flickr--http://www.flickr.com/photos/davidagoldfarb/
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  8. #8
    David Brown's Avatar
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    Back in the "day" (actually, the 1980's), I spent several years maintaining film surveilence (sp?) cameras in banks. The company I worked for had hundreds of them. All were loaded with 100 ft rolls of Tri-x and I used two developers. For the cameras that were not in bright enough areas for ISO 400, I set them for ISO 1000 and developed the film in Acufine.

    The negs were fine for our purposes (our purposes being the FBI prosecuting felons) but were contrastier and grainier than the negs souped in D76.

    YMMV, of course :rolleyes:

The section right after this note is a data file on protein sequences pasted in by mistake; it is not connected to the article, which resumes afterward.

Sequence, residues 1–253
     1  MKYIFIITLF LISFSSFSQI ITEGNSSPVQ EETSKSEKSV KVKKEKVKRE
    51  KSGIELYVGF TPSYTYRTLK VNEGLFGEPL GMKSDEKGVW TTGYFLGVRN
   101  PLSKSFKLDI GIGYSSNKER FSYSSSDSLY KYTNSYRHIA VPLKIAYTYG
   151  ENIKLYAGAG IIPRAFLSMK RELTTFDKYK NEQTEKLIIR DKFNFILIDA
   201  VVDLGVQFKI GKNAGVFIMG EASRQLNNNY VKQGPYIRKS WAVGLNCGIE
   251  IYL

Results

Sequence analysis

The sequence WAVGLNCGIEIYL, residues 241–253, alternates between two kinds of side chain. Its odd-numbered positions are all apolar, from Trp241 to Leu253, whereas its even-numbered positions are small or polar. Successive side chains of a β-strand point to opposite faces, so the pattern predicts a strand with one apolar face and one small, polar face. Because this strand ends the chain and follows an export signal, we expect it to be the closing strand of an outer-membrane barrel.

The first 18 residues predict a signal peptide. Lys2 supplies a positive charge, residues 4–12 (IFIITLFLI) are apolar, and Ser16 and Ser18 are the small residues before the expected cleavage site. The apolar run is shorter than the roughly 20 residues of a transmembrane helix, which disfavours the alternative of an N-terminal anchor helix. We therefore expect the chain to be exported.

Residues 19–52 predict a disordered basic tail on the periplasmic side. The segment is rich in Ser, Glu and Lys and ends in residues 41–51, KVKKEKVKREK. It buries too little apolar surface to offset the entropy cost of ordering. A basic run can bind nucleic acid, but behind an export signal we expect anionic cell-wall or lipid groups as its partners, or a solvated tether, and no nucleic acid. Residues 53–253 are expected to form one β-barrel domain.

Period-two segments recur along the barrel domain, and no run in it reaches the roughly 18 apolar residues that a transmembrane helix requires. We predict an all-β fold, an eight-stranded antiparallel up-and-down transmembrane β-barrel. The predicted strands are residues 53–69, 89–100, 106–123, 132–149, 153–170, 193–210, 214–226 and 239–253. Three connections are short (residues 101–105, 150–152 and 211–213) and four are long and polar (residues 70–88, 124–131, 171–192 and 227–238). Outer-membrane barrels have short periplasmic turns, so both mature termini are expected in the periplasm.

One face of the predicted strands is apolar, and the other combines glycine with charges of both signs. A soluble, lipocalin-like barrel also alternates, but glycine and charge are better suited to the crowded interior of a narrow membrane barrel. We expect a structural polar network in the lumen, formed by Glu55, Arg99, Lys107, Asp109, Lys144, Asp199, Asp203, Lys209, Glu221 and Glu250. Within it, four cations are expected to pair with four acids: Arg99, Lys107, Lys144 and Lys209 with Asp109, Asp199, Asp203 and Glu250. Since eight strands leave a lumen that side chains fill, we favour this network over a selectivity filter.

Alas, those days are gone. Long before d******, banks were switching to videotape ... Videotape looked like crap compared to film.

    David

  9. #9
    Thomas Bertilsson's Avatar
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    Thank you everybody for your help and insight. I am planning to try out Acufine, and just to clear up my mistake mentioning Diafine, I meant Acufine all along.

    It seems that most people use this developer to push film. I want to experiment exposing film at normal EI.
    Since the claim is that the developer is not time/temp sensitive, over- or underexposure shouldn't be much of a problem either, according to my logic. I guess I'll find out.
    Thanks again everybody,

    - Thom
    "Often moments come looking for us". - Robert Frank

    "Make good art!" - Neil Gaiman

    "...the heart and mind are the true lens of the camera". - Yousuf Karsh

  10. #10

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    Thom, Diafine is not temp/time sensitive (to a great degree, at least). Acufine, to the best of my knowledge, IS. Someone please correct me if I'm wrong.